Jeffrey Frank

Selected Works

Narrative History
“Perhaps the most intriguing—and dysfunctional—political marriage in history ... a highly engrossing political narrative that skillfully takes the reader through the twisted development of a strange relationship that would help shape America’s foreign and domestic agenda....” —Front Page, The New York Times Book Review
"One of the best books ever written about Richard Nixon"
--Thomas Mallon, The New Yorker
"[A] compelling and enlightening account of one of the most important and complicated political relationships in postwar U.S. history.... fascinating"
-- The Washington Post
Fiction
Another triumph from one of America’s most reliable and inventive comic novelists. Trudy Hopedale is understated, cunning and relentlessly funny.”
--David Sedaris
“Wickedly funny...”
--(Starred) Kirkus Review
"The Columnist is 'as dark as chocolate and every bit as tasty.'"
--Christopher Buckley
Translation
“The Franks’ edition finally sets the stories straight...”
--Elise Soukup, Newsweek

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Ike and Dick: Portrait of a Strange Political Marriage

A New York Times Book Review Editors' Choice
One of the Best Books of 2013: Slate-- Staff Picks
One of Jay Strafford’s 10 favorite books of 2013: Richmond Times-Dispatch
One of 2013’s Best Books: Kansas City Star
Books of the Year: The Spectator (Australia)
One of the Eight Best Books for Potus Geeks in 2013

"...an elegant example of how pleasurable political history can be when written by a skilled teller of fictional tales who has a careful reporter’s respect for facts. It is top-drawer as political history, unusually well written, and stuffed with forty pages of notes providing sources for an extraordinary variety of information. It is also an entertaining human tale of generational conflict, filled with the elements that enliven popular novels and soap operas."
--Russell Baker, in The New York Review of Books.


Ike and Dick: Portrait of a Strange Political Marriage is narrative history-- an intimate exploration of the nearly twenty-year personal and public relationship between Dwight D. Eisenhower and Richard Nixon. The book follows the two men from their first encounter, in the summer of 1950, through Ike’s two, crisis-filled presidential terms; it take them to the Vietnam-era, the marriage of Eisenhower’s grandson, David, and Nixon’s daughter Julie, and Nixon’s election just four months before Ike’s death. (An epilogue covers the scandals that wrecked Nixon’s presidency.) Ike and Dick is based on years of research and fresh interviews with dozens of men and women who knew and worked with both men, including members of the Eisenhower and Nixon families. “To read this book,” the Pulitzer Prize-winning historian David Kennedy wrote, "is to be reminded of Richard Nixon’s singularly tortured character in all its cussedness and genius—and to learn anew of Dwight Eisenhower’s capacity for shrewd political cunning and often insouciant human coldness.”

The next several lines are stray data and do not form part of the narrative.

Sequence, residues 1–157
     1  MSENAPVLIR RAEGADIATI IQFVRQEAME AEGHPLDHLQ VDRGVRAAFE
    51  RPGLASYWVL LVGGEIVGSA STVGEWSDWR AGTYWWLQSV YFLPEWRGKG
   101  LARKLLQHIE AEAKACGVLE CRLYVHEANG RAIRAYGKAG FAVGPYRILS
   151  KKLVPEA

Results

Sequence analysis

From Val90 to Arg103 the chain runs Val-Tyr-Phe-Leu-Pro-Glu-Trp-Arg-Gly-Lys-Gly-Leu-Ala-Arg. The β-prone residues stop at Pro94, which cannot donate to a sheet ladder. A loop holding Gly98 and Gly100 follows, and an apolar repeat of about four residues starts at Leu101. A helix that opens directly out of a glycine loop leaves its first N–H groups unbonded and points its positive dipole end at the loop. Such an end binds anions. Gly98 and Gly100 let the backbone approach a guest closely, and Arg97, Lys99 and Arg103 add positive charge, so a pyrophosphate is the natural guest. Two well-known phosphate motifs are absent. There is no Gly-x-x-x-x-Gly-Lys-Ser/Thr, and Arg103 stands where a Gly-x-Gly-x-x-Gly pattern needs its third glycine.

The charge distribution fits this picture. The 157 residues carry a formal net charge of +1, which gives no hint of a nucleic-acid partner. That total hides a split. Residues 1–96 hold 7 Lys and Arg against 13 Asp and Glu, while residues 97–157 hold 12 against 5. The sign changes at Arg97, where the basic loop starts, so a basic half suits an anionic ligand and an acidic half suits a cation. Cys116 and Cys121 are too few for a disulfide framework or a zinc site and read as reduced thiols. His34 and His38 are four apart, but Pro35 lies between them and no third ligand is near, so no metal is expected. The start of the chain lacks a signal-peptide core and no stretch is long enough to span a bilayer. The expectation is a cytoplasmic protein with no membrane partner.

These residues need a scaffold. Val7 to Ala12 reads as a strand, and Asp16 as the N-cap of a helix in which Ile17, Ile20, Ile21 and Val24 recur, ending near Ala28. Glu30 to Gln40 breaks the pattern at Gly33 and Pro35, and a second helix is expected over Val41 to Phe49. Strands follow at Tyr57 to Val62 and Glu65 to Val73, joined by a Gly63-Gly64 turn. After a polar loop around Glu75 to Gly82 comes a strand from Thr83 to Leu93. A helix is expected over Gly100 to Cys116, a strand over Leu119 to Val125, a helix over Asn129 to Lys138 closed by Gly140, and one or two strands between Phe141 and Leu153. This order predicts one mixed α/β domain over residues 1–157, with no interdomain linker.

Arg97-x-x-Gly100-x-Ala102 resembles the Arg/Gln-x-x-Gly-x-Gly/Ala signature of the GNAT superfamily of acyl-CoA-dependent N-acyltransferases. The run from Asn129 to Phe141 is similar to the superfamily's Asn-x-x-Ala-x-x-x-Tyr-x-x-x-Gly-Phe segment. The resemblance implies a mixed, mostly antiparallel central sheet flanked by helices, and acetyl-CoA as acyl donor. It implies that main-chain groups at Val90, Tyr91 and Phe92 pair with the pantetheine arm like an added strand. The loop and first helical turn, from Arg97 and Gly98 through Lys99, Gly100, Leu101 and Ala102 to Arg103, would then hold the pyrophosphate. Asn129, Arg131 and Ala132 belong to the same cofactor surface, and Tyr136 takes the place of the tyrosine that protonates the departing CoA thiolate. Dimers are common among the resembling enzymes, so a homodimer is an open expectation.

One early reviewer of Ike and Dick said that my “inner Washingtonian is still intact.” That probably comes from being reared there and having worked for a dozen years at the Washington Post, where I was deputy editor of Outlook. For more than thirteen years I was a senior editor at The New Yorker and a contributor to the magazine.

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Ike and Dick is my first extended work of non-fiction. My Washington Trilogy--The Columnist, Bad Publicity, and Trudy Hopedale, novels set in mid-to-late Twentieth Century Washington--was described by Bookforum as "dark, hilarious stories of motion (and stasis) on DC's social ladder." I was also the co-author (with my wife, Diana Crone Frank) of the widely praised The Stories of Hans Christian Andersen: A New Translation From the Danish. I wrote the foreword (based on a New Yorker essay) to the University of Chicago Press's re-issue of the Peter De Vries's dazzling and heartbreaking The Blood of the Lamb.

Ike and Dick is a selection of the Book-of-the-Month Club and the History Book Club. It is also available as an audio book, produced by Tantor Audio and read by the award-winning Arthur Morey.